My Lords, does my noble friend agree that the proportion spent on training in Germany and the United States is through arrangements by employers who want to keep the Government out of the system and not involve them in the system; and in Germany it works extremely well? Can he confirm that the adult training strategy now under way through the Manpower Services Commission is trying to get the benefit of that system rather than the levy system that was suggested in the original Question?

Lord Lucas of Chilworth

My Lords, I am grateful again to my noble friend; she is right. It is invidious to draw comparisons because they are not totally adequate. Our adult training programme offers grants to help employers with the cost of training. Some £14.3 million has been spent and 20,000 people have been helped this year through this scheme alone. There is to be a further expansion, and employers can utilise the services of the MSC to great advantage to themselves and to the nation.

Lord Cledwyn of Penrhos

My Lords, can the noble Lord explain why our performance is not as good as that of our major competitors? Will he say whether the Government are to embark on a campaign through the CBI and other agencies to persuade British industry to do better? In the event that the public sector's record on this is exemplary, can he reassure us that when industries are privatised their record will remain as good?

Lord Lucas of Chilworth

My Lords, the noble Lord asked me a number of questions. I can best answer him by again saying that we are drawing the attention of employers to the survey,Adult Training in Britain, and repeat that there is clear evidence from researches that training and retraining pay dividends. British industry has, I think, been slow to accept the necessity of retraining, particularly for adults, and some of our competitors have recognised the advantage rather more swiftly than ourselves. In so far as enjoining the CBI and other institutions is concerned, I am quite sure that they are as equally anxious as the Government to improve training. Regarding privatisation, the whole idea of returning public sector business to the private sector is to enable them to take full advantage of all that the private sector can offer outside the restrictions of Government.

Viscount Trenchard

My Lords, will my noble friend agree that the reason why our record on training is worse than that of other countries is that we had a period of the best part of two decades prior to 1979 when the atmosphere for private industry was so unfavourable and the profits were so low that research and development and training were both reduced below the level of our competitors abroad? Will he further agree that there is a danger that if the Government do too much in this now that conditions are different British industry will leave it to the Government rather than efficiently increase its training itself?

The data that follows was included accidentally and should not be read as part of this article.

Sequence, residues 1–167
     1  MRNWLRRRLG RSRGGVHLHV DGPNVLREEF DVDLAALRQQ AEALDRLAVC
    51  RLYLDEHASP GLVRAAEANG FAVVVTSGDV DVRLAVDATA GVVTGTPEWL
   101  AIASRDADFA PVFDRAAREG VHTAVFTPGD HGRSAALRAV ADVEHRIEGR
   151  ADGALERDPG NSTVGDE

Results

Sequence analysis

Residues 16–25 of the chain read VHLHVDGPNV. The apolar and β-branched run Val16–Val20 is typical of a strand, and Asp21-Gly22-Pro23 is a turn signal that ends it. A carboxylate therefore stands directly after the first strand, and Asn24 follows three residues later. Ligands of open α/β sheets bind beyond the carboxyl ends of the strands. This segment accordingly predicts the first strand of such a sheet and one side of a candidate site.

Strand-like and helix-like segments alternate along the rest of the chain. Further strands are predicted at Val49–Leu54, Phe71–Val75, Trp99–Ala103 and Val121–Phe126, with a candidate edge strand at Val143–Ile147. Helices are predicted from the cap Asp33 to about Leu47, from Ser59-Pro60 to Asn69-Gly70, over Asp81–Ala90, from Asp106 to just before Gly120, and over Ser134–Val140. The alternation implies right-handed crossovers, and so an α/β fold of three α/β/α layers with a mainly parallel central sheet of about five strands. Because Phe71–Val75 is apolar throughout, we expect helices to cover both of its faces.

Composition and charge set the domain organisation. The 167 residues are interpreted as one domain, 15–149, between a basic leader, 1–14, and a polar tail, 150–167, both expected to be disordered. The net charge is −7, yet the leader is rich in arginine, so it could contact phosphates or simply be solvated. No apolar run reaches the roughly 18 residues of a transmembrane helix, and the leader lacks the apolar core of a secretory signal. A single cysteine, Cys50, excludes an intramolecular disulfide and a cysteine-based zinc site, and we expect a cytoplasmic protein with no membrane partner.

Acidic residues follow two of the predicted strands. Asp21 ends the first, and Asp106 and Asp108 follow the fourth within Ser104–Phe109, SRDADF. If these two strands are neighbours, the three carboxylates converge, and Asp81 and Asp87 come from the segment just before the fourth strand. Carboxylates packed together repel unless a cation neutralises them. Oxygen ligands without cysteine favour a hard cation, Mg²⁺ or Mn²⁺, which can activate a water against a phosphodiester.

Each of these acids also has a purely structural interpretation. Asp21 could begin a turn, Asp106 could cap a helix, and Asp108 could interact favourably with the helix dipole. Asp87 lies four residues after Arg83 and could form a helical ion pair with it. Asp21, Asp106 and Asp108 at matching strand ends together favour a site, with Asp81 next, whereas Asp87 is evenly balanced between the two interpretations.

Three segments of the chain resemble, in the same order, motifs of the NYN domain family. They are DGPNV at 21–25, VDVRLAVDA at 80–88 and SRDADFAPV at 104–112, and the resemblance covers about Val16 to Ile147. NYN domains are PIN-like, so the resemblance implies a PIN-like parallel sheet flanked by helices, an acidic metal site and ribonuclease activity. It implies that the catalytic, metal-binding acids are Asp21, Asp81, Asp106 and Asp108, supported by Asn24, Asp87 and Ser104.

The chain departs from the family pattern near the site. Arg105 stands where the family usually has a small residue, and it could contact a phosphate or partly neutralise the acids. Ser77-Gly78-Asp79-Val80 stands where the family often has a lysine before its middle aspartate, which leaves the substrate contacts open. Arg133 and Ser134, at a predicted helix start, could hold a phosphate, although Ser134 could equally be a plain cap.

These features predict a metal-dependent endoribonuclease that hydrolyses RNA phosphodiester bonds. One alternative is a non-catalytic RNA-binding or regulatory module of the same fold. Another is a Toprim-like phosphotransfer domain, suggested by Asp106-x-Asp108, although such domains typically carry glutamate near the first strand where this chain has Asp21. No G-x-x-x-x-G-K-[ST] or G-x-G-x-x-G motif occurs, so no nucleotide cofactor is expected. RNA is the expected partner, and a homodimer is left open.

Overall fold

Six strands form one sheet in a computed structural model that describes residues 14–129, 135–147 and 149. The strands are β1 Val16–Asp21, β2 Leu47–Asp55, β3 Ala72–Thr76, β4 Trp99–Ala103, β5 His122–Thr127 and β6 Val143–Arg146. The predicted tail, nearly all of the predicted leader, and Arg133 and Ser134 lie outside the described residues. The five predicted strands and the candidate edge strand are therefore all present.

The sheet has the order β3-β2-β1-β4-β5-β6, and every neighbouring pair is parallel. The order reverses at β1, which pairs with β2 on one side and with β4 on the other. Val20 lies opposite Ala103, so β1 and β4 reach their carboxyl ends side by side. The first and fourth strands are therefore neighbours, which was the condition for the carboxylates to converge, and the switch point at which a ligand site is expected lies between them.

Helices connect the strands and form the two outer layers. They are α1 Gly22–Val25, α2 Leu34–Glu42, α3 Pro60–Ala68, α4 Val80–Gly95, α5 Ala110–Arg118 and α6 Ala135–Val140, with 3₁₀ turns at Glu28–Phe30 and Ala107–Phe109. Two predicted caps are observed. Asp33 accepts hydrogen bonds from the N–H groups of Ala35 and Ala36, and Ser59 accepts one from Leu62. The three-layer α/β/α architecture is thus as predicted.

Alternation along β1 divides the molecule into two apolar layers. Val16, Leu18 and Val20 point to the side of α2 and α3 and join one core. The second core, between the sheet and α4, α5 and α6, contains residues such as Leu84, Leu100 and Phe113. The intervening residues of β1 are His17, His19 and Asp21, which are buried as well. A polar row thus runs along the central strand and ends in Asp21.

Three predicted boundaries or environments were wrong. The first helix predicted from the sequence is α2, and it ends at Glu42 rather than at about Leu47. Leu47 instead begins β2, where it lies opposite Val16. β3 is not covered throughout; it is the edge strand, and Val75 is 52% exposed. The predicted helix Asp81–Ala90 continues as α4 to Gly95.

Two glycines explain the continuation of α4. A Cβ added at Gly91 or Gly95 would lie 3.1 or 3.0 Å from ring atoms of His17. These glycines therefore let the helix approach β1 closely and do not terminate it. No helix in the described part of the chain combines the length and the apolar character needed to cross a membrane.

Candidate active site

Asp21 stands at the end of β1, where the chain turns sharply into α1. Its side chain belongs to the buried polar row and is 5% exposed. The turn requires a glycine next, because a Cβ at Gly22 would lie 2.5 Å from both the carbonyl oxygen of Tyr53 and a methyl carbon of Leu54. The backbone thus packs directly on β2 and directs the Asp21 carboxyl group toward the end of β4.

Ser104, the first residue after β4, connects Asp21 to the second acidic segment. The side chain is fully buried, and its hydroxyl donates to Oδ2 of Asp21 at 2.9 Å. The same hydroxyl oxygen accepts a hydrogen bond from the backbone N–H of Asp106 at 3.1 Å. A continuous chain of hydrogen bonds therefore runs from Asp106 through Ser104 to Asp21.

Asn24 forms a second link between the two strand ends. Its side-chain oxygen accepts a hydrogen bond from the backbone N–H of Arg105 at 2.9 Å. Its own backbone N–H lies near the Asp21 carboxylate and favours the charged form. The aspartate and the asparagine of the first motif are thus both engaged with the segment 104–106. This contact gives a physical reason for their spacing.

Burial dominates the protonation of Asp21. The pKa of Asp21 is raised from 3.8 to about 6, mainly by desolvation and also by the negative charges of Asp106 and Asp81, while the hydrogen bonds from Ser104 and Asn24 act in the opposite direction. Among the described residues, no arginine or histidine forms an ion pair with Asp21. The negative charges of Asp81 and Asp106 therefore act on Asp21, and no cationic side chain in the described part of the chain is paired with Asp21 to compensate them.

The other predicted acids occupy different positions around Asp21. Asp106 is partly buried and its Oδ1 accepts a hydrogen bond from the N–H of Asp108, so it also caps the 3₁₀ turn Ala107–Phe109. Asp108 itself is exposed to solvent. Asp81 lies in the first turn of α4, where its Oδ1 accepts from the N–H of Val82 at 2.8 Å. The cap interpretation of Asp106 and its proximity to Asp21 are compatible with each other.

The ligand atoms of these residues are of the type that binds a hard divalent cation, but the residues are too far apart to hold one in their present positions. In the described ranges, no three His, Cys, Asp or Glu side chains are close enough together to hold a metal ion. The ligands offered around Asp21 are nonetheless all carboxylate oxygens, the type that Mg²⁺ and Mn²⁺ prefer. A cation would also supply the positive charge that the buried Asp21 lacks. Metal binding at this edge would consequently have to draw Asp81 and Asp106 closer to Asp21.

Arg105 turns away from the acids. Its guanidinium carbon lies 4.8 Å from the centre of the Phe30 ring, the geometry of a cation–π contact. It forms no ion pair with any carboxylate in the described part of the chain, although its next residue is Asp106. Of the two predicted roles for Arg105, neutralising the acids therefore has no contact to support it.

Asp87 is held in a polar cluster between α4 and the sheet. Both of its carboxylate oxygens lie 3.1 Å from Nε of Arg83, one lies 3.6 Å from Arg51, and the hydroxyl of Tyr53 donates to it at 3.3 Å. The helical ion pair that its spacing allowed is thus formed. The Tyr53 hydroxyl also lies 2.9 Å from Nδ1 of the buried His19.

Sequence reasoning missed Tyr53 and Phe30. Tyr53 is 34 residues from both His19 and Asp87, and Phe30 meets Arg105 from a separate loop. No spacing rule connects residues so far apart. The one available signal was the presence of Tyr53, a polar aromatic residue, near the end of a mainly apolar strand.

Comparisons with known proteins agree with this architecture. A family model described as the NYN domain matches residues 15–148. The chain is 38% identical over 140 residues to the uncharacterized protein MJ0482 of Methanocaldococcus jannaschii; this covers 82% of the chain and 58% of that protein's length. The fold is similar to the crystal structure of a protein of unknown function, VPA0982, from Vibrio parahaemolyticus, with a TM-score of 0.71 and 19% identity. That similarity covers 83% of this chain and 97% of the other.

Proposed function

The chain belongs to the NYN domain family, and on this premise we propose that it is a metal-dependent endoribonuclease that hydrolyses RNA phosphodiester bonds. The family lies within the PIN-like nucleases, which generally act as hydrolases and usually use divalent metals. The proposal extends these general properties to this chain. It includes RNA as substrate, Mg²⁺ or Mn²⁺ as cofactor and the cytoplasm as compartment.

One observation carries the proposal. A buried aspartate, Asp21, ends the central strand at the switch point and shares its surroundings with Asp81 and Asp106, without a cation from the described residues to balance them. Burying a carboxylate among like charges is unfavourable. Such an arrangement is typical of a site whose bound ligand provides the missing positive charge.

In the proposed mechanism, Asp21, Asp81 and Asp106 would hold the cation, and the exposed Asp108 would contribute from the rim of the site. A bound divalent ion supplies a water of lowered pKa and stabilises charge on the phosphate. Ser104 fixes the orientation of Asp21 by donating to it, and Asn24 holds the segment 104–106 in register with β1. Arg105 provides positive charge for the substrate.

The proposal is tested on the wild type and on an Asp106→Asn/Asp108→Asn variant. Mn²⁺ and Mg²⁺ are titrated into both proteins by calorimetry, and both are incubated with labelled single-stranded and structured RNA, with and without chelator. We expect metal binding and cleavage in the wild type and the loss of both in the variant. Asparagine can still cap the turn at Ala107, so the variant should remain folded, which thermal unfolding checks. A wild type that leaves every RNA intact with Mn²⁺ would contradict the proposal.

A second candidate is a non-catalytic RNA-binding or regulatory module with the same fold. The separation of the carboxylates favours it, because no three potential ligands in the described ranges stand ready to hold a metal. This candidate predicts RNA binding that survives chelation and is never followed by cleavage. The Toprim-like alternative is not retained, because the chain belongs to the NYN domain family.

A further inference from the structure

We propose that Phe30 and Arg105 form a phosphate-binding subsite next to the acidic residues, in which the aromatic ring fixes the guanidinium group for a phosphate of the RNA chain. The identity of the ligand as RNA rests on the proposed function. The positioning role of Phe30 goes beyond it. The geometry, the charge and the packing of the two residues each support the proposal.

Lord Lucas of Chilworth

My Lords, my noble friend Lord Trenchard is probably quite right. I do not think that I can agree with him that the reasons he puts forward are the only reasons. I am grateful to him for his second supplementary question because I hope that this exchange of question and answer will be widely reported and that British industry will appreciate that the Government are giving considerable support but cannot do the whole job on their own, and that it is in the interests of British industry itself to invest perhaps something in the order of 3, 4 or 5 per cent. of payroll—not the 0.15 per cent. of turnover currently invested—which will return to them a dividend.

Lord Davies of Leek

My Lords, is the noble Lord aware that the implication that there is not enough training in industry does not apply to the British pottery industry, where undoubtedly training is some of the best in the world?

Lord Lucas of Chilworth

My Lords, I am quite sure that the noble Lord, Lord Davies of Leek, is right. There are some sectors of British industry where training is of a continuing high standard; there are other sectors where it lags behind.

Lord Jacques

My Lords, is the noble Lord aware that earlier this year the National Institute of Economic and Social Research published the results of some research on the differences between West German companies and British companies? They took companies of the same size, doing almost the same thing. In the case of Germany the productivity was 63 per cent. higher. Among the reasons which they found for that was a complete lack of training in the British; for example, in the case of foremen. Is the Minister aware that the results showed that not a single foreman in the British companies had a certificate for craft qualifications, whereas in the case of the German companies every one of the foremen had a craft certificate, and some of them had a master craftsman's certificate? There is the point, and the sooner we get down to it the better.

Lord Lucas of Chilworth

My Lords, I appreciate the great concern expressed by the rhetorical question of the noble Lord, Lord Jacques, and I take note of all that he said.